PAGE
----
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Today's News

  • Photo: Cat burglar
  • Major decisions made in dog mauling, incest cases

    Amid high-profile murder cases against Erik Buggeland and Brent Burke, two significant Hardin County court cases were resolved earlier this month.

    Howard and Linda Miller, a White Mills couple accused of owning a dog that mauled Karen Gillespie to death in November 2009, pleaded guilty June 15 in district court to harboring a vicious animal.

    Gillespie, 53, a retired librarian with the Grayson County Public Library, died from wounds sustained in the attack. The Millers previously claimed the dog that attacked Gillespie was a stray.

  • Rescue a dog and watch them crawl right into your heart

    By BECCA OWSLEY

    bowsley@thenewsenterprise.com

    I am by no means an animal activist. I enjoy eating a big old chunk of cow in burger or steak form. I set out traps for mice for their destruction, not the catch and release method.

    I try to teach my dogs they are not humans and I am in charge, a lesson they have yet to learn.

  • HMH approves fiscal business plan

    Hardin Memorial Hospital on Tuesday rolled out a budget considerably larger than last year’s offering, but officials said the year will be challenging as expenses have increased along with revenues.

    “I think what we’ve come up with is a very conservative budget,” said Vice President and Chief Financial Officer Elmer Cummings.

    The budget, which was approved unanimously, documents a surge in patient revenues to $212.8 million, a sizable jump over the projected $199.6 million for the current year.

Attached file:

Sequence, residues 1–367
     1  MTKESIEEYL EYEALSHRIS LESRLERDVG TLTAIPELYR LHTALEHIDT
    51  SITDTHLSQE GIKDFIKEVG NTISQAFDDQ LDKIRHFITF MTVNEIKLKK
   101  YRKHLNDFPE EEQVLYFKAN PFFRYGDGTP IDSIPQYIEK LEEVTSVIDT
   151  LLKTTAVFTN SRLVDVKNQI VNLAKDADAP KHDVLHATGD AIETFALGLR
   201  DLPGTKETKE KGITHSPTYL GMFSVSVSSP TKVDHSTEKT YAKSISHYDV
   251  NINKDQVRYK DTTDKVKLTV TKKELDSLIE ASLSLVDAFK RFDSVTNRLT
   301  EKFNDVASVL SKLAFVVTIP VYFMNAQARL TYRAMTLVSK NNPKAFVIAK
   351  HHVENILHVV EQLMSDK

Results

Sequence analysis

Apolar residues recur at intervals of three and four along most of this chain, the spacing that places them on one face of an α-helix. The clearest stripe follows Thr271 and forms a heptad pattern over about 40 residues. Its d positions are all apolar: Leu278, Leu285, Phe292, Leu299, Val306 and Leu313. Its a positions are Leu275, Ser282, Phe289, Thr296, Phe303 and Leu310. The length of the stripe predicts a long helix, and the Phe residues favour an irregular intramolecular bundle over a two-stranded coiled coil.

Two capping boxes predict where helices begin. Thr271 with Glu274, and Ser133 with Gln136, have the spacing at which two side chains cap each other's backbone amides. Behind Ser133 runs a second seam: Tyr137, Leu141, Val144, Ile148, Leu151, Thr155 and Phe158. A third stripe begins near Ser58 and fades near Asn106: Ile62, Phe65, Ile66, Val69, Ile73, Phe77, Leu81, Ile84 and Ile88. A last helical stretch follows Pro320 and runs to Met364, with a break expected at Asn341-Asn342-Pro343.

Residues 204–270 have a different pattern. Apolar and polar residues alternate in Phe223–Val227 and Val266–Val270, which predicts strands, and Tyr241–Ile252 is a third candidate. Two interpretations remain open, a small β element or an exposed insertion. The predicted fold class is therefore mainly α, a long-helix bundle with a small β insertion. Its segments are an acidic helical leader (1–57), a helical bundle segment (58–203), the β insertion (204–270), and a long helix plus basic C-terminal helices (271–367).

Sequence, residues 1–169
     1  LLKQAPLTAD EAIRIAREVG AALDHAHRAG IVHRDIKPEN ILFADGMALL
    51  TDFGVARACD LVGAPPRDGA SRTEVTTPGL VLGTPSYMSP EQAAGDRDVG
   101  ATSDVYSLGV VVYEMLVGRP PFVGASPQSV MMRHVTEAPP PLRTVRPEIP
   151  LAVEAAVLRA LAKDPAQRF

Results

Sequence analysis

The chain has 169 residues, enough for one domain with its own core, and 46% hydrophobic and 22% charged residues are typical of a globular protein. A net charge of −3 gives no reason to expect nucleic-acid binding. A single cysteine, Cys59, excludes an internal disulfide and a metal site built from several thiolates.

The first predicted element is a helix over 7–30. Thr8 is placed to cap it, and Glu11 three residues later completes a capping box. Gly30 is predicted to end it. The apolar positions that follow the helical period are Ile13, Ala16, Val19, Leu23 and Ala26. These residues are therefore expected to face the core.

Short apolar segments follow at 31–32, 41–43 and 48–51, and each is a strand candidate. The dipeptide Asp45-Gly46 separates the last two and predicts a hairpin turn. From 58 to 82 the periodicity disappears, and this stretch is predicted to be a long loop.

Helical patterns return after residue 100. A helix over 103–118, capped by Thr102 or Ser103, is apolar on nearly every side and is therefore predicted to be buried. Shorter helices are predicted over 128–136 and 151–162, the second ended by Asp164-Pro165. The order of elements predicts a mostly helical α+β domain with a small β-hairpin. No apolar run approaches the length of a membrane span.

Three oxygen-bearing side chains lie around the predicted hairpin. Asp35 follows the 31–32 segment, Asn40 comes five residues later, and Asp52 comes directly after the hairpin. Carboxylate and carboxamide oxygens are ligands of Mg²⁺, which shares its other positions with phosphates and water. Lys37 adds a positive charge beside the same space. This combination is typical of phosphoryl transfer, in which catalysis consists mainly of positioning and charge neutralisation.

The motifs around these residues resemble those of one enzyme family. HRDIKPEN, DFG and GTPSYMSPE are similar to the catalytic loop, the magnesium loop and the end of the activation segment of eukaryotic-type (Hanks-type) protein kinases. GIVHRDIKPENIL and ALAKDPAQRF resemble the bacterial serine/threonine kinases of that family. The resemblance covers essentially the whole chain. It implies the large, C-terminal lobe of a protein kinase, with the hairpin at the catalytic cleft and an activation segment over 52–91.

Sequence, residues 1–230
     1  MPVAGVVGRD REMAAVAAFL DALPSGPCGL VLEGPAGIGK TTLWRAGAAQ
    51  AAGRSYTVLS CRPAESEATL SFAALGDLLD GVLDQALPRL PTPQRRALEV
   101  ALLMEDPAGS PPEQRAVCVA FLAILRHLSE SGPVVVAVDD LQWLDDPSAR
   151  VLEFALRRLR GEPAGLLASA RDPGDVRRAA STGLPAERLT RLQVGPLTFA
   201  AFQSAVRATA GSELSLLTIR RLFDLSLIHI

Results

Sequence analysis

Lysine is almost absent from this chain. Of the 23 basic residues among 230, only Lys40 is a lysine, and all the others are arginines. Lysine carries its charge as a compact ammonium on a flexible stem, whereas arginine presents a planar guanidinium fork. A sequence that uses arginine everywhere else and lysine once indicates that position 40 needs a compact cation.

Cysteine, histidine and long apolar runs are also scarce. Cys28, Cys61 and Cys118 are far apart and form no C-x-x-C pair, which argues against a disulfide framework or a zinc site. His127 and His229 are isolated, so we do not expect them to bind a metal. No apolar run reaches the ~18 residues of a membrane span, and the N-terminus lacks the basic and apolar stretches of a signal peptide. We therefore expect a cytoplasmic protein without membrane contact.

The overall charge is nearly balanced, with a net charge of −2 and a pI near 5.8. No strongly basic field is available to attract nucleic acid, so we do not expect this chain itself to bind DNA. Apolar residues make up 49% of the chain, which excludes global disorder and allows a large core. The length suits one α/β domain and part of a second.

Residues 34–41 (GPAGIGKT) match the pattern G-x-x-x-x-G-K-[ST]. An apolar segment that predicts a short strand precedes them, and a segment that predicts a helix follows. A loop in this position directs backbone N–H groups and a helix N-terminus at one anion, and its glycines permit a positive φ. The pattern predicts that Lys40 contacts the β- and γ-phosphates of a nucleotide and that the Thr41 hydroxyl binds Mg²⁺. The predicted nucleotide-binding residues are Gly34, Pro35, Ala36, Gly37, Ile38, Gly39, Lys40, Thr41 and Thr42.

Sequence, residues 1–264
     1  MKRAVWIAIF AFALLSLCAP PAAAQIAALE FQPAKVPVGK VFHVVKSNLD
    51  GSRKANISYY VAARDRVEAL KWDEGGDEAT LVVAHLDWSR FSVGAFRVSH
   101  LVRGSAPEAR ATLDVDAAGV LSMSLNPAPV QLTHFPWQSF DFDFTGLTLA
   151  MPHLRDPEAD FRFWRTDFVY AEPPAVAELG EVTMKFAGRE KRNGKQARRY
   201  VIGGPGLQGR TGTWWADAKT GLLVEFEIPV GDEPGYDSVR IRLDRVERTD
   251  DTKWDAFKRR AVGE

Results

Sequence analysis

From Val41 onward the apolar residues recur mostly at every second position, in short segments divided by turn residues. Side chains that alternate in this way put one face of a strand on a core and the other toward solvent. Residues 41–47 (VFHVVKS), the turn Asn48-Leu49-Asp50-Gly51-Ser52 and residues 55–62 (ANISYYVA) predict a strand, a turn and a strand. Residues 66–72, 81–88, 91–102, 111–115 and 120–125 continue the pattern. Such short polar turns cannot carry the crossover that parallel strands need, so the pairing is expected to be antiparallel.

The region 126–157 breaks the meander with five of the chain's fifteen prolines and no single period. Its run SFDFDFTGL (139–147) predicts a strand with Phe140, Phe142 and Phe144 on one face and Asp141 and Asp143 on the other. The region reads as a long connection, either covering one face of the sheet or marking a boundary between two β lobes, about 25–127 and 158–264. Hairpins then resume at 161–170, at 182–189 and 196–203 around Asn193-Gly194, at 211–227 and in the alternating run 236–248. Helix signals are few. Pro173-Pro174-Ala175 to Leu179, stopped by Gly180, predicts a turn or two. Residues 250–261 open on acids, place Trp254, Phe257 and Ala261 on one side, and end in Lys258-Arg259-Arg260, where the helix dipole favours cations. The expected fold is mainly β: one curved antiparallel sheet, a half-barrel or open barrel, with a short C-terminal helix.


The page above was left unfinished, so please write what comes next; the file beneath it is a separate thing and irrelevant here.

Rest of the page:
• Responsibility urged in face of fireworks law

    With Independence Day on the horizon, the availability of fireworks has spread considerably and a state law has allowed a broader sale and use of larger fireworks once illegal.

    But local fire officials and vendors said the freedom to purchase a full range of consumer fireworks — aerial devices such as bottle rockets, firecrackers and roman candles included — creates a greater sense of responsibility.

  • GOLF: Putting puts Haynes in elite amateur invite

    A month ago, Mason Haynes couldn’t catch a break.

    He’d teeter on the edge of qualifying for amateur tournaments but miss out by only a few strokes.

  • Joining chorus of praise for Saunders Springs expansion

    Expansion of the Saunders Springs Nature Preserve is a wonderful opportunity for Radcliff, Fort Knox and the entire area.

    The park off Wilson Road was described quite explicitly by Col. Rick Schwartz, the Fort Knox garrison commander during last week’s announcement of a no-cost lease allowing Radcliff access to 73 acres adjacent to the present park. Schwartz said the post-community partnership will provide additional “soft comfortable places for families to come and to enjoy the weather and the terrain.”

  • Swope Toyota contributes to area health clinic

    The News-Enterprise

  • Free GEDs didn't increase local number of recipients

    A General Equivalency Degree for free didn’t bring out as many people as hoped in Hardin County.

    The period in which the fee for the GED test was waived ends Thursday and while the local GED testing center has been busy these past few weeks, the program didn’t seem to make an overall difference in GED recipients.

    Luanne Barnes, coordinator for the GED testing center at Elizabethtown Community and Technical College, said June has been a busy month for testing.

    “We’ve been having full houses this past month,” Barnes said.

  • ECTC partners to bring educational facility to Leitchfield

    The News-Enterprise